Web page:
The Simurghby Farid ud-Din Attar
English version by Raficq Abdulla
Original Language Persian/Farsi
Ah, the Simurgh, who is this wondrous being
Who, one fated night, when time stood still,
Flew over China, not a single soul seeing?
A feather fell from this King, his beauty and his will,
And all hearts touched by it were in tumult thrown.
Everyone who could, traced from it a liminal form;
All who saw the still glowing lines were blown
By longing like trees on a shore bent by storm.
The feather is lodged in China's sacred places,
Hence the Prophet's exhortation for knowledge to seek
Even unto China where the feather's shadow graces
All who shelter under it -- to know of this is not to speak.
But unless the feather's image is felt and seen
None knows the heart's obscure, shifting states
That replace the fat of inaction with decision's lean.
His grace enters the world and molds our fates
Though without the limit of form or definite shape,
For all definitions are frozen contradictions not fit
For knowing; therefore, if you wish to travel on the Way,
Set out on it now to find the Simurgh, don't prattle and sit
On your haunches till into stiffening death you stray.
All the birds who were by this agitation shook,
Aspired to a meeting place to prepare for the Shah,
To release in themselves the revelations of the Book;
They yearned so deeply for Him who is both near and far,
They were drawn to this sun and burned to an ember;
But the road was long and perilous that was open to offer.
Hooked by terror, though each was asked to remember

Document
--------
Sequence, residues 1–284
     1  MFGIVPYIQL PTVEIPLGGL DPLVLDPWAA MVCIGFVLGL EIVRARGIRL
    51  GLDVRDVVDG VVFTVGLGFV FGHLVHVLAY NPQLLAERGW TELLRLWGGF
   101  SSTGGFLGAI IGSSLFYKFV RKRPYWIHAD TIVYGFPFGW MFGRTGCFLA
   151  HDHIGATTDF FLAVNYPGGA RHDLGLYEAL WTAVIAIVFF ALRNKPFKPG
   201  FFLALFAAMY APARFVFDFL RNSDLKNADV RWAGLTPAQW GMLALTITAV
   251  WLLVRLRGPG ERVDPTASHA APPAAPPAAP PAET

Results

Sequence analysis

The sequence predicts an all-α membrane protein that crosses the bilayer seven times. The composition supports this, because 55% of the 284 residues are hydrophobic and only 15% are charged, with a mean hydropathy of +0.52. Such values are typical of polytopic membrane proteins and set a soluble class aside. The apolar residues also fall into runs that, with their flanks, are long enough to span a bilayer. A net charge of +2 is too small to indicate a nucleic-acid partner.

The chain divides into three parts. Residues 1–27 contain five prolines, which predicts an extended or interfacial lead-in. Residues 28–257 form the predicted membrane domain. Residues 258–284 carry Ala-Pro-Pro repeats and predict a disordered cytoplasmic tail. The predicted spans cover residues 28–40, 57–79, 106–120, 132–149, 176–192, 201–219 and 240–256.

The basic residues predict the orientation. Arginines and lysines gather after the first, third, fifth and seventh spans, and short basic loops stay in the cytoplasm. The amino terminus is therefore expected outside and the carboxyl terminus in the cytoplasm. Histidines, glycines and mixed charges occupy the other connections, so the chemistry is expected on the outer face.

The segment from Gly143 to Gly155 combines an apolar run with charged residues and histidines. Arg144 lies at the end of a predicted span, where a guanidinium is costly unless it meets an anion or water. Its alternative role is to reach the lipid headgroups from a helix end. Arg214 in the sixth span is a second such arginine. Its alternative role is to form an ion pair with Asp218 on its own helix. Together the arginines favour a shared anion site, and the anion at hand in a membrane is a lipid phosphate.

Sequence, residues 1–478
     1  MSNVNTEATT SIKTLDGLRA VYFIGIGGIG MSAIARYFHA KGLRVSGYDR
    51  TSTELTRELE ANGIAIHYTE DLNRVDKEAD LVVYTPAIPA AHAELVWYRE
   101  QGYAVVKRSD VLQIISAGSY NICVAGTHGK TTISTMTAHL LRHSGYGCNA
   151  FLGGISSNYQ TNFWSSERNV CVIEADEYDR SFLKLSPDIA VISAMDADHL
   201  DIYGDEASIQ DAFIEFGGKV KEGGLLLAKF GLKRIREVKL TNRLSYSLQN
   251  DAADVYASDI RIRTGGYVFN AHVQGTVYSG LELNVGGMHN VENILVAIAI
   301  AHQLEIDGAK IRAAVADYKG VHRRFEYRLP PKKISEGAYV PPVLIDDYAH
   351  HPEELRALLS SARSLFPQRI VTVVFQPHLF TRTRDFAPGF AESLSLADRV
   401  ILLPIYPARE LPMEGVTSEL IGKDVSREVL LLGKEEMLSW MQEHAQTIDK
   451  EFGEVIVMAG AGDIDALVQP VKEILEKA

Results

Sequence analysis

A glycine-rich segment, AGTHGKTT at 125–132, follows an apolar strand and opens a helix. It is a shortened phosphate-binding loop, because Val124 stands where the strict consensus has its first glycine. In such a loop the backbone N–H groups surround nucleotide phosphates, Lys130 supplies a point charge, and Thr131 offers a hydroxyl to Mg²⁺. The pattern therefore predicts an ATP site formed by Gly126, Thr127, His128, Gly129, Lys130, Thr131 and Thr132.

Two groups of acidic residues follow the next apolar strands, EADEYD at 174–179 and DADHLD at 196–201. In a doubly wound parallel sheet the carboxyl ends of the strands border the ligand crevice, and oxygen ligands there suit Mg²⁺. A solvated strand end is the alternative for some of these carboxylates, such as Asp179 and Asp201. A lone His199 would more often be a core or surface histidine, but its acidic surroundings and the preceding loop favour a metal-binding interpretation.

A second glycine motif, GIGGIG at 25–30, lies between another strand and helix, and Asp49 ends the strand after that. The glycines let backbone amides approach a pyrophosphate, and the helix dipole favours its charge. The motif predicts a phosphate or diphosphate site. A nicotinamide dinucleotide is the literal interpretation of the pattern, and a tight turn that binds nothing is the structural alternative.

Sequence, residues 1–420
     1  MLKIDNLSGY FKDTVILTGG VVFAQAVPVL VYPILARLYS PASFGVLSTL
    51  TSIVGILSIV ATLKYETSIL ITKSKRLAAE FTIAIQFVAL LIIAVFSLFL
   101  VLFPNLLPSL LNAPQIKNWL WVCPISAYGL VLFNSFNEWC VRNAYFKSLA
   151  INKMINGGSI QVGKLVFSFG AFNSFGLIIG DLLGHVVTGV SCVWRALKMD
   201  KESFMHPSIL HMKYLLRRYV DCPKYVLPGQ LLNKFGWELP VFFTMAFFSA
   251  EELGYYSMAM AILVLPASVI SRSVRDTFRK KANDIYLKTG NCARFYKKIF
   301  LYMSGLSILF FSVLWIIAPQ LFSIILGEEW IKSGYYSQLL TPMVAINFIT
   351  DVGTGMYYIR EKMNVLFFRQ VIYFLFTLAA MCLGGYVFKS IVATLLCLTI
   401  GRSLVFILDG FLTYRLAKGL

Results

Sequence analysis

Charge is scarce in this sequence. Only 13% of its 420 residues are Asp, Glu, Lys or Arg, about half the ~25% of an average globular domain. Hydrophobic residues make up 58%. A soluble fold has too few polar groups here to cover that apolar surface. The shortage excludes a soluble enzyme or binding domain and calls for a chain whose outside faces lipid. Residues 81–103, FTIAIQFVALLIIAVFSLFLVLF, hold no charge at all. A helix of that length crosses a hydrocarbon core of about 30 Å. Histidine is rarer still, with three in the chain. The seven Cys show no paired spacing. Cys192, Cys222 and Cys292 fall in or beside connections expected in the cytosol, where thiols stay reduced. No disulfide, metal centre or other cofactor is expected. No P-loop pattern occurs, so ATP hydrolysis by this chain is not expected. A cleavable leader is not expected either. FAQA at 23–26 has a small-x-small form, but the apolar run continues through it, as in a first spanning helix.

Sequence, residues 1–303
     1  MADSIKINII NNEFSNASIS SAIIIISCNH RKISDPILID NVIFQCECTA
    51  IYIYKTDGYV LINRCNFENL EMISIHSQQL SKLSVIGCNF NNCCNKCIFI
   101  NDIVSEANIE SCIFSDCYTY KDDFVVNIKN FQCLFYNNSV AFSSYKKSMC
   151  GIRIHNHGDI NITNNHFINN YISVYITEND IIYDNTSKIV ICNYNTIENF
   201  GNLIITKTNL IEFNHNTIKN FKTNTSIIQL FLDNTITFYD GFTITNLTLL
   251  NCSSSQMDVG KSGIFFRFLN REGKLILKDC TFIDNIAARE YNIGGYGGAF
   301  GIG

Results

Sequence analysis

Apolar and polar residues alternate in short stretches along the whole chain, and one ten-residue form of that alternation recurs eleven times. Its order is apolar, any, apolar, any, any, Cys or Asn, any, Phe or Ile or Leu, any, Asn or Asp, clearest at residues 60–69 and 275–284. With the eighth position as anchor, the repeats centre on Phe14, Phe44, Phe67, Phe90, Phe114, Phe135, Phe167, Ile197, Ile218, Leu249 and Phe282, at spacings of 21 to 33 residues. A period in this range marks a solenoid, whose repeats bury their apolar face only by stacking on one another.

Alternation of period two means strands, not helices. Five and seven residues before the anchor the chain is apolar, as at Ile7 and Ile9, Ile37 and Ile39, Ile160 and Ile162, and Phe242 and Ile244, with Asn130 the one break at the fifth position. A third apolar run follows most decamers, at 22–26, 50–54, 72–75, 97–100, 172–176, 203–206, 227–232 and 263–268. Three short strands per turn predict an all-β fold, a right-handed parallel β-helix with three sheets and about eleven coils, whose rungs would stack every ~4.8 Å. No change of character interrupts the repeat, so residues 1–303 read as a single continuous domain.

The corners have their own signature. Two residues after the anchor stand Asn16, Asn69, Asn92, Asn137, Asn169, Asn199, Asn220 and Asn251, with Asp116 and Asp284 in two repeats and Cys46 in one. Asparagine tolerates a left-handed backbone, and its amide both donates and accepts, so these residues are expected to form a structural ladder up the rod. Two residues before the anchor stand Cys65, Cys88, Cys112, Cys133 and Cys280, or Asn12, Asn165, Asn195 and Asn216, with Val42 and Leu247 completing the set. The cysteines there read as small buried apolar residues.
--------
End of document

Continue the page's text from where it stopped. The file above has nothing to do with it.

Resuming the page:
The truth, each an excuse to stay behind was keen to proffer.
|-- from The Conference of the Birds: The Selected Sufi Poetry of Farid ud-Din Attar, Translated by Raficq Abdulla|
In this spiritual allegory of the Conference of the Birds, Attar tells the story of a group of birds (individual human souls) under the leadership of a hoopoe bird (spiritual master) who determine to search for the legendary Simurgh (God). The birds must confront their own individual limitations and fears while journeying through seven valleys before they ultimately find the Simurgh and complete their quest.
In this excerpt the birds are determined "To release in themselves the revelations of the Book." It is not enough to memorize or recite or intellectually comprehend sacred scriptures and traditions. Theological debate and mental curiosity won't get you there: "...don't prattle and sit / On your haunches till into stiffening death you stray." Books, even the most sacred books, won't get you there. They are maps, but you must actually make the journey to truly understand.
Here Attar urges us to "replace the fat of inaction with decision's lean," to forge a sacred determination to seek direct experience of the Divine and to not be content with passive descriptions.
But the soul quickly grows fearful of the journey, for it leads to distant, unknown lands (represented by China). And the individual identity doesn't know what to expect when it completely merges with the Divine in that blazing union -- "They were drawn to this sun and burned to an ember."
Finally, the soul has to muster its determination any way it can, by joining a "conference" of like-minded seekers, by trusting the guidance of one who has made the journey already (the hoopoe), and through sheer stubborn will power. For, ultimately, the soul has no choice: it must make the journey, whether slowly or swiftly, courageously or cowardly. It is the nature of the soul to seek its eternal home. It is the nature of each bird to seek "this wondrous being," the Simurgh.
So... are you all packed?